Ischemic intestinal complications in patients with burns

M. H. Desai, David Herndon, R. L. Rutan, S. Abston, H. A. Linares

Research output: Contribution to journalArticle

54 Citations (Scopus)

Abstract

Enteral bacterial translocation has been implicated as a major cause of morbidity in instances of trauma, but little clinical evidence of the loss of intestinal mucosal integrity has been documented. A retrospective review of the medical and autopsy records of all patients admitted between 1982 and 1988 was performed to describe the incidence of intestinal pathologic findings. Of all deaths, a total of 53 per cent of adults (>18 years old) and 61 per cent of children (zero to 17 years old) were noted to have ischemic intestinal pathologic findings on autopsy, ranging from superficial necrosis to full thickness mucosal necrosis extending into the omentum. More than 80 per cent of these patients were septic at the time of death, with endogenous intestinal flora species most frequently identified as the causative agent. Less than 1 per cent (n=16) of the patients admitted were clinically identified with intestinal pathologic examination, surgically explored and underwent resection of the intestine. Despite intervention, this group suffered a 69 per cent mortality rate. Although the documentation of bacterial translocation in a human model may be obscured by other potential sources of contamination, for example, burn wound, in combination with the immunosuppression inherent to the thermally injured, may lead to bacterial contamination of the systemic circulation and, therefore, may be a significant contributor to morbidity and mortality after thermal injury.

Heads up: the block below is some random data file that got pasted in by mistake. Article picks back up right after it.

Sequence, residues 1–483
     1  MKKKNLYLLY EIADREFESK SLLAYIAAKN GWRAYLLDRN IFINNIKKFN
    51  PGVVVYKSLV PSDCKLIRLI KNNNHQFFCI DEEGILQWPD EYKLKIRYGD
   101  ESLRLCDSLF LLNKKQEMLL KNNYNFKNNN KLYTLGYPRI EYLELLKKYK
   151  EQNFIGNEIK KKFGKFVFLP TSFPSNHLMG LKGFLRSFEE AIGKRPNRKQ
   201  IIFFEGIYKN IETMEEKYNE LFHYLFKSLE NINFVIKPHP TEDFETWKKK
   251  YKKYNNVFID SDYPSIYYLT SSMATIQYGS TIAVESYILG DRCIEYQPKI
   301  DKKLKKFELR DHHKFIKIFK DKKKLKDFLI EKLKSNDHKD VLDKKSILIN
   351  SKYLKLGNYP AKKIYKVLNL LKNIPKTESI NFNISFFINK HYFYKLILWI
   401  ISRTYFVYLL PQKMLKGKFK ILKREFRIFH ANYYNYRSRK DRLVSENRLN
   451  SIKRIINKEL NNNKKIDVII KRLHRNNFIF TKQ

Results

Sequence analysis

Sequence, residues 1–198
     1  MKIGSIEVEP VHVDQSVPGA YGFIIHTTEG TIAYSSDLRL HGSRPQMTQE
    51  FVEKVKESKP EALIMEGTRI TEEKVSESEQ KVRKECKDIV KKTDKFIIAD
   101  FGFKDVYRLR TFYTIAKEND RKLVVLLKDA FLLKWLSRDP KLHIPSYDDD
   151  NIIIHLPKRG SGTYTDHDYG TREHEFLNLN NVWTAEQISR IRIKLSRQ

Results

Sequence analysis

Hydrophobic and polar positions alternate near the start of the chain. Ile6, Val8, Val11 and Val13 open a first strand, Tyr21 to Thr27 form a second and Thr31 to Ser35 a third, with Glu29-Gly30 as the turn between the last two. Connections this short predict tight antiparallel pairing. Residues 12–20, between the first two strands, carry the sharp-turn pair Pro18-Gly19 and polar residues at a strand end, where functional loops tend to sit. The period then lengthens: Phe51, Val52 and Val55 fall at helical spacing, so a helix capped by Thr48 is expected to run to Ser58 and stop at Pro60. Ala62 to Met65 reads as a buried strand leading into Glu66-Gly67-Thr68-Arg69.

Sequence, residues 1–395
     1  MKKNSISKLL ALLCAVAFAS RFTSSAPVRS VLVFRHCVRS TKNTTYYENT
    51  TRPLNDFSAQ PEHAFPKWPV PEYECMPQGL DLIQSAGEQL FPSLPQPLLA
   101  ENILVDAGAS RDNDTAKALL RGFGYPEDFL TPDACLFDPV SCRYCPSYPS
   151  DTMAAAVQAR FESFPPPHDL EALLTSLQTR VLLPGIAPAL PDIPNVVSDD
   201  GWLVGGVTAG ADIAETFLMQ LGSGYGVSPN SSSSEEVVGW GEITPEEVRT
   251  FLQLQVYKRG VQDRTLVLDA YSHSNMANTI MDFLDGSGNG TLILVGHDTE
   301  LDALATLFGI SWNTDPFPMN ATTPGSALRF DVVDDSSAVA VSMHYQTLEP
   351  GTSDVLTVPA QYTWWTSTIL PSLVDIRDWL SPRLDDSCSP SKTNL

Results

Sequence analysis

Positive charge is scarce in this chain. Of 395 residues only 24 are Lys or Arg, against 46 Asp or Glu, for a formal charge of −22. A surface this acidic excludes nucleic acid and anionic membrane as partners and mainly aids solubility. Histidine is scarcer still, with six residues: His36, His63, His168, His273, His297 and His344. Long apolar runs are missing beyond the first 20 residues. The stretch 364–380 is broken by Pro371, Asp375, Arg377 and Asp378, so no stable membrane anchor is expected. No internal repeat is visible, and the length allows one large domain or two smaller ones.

Original languageEnglish (US)
Pages (from-to)257-261
Number of pages5
JournalSurgery Gynecology and Obstetrics
Volume172
Issue number4
StatePublished - 1991

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Burns
Bacterial Translocation
Autopsy
Wounds and Injuries
Necrosis
Morbidity
Omentum
Mortality
Documentation
Immunosuppression
Small Intestine
Intestines
Medical Records
Hot Temperature
Incidence

ASJC Scopus subject areas

  • Obstetrics and Gynecology
  • Surgery

Cite this

Desai, M. H., Herndon, D., Rutan, R. L., Abston, S., & Linares, H. A. (1991). Ischemic intestinal complications in patients with burns. Surgery Gynecology and Obstetrics, 172(4), 257-261.

Ischemic intestinal complications in patients with burns. / Desai, M. H.; Herndon, David; Rutan, R. L.; Abston, S.; Linares, H. A.

In: Surgery Gynecology and Obstetrics, Vol. 172, No. 4, 1991, p. 257-261.

Research output: Contribution to journalArticle

Desai, MH, Herndon, D, Rutan, RL, Abston, S & Linares, HA 1991, 'Ischemic intestinal complications in patients with burns', Surgery Gynecology and Obstetrics, vol. 172, no. 4, pp. 257-261.
Desai MH, Herndon D, Rutan RL, Abston S, Linares HA. Ischemic intestinal complications in patients with burns. Surgery Gynecology and Obstetrics. 1991;172(4):257-261.
Desai, M. H. ; Herndon, David ; Rutan, R. L. ; Abston, S. ; Linares, H. A. / Ischemic intestinal complications in patients with burns. In: Surgery Gynecology and Obstetrics. 1991 ; Vol. 172, No. 4. pp. 257-261.
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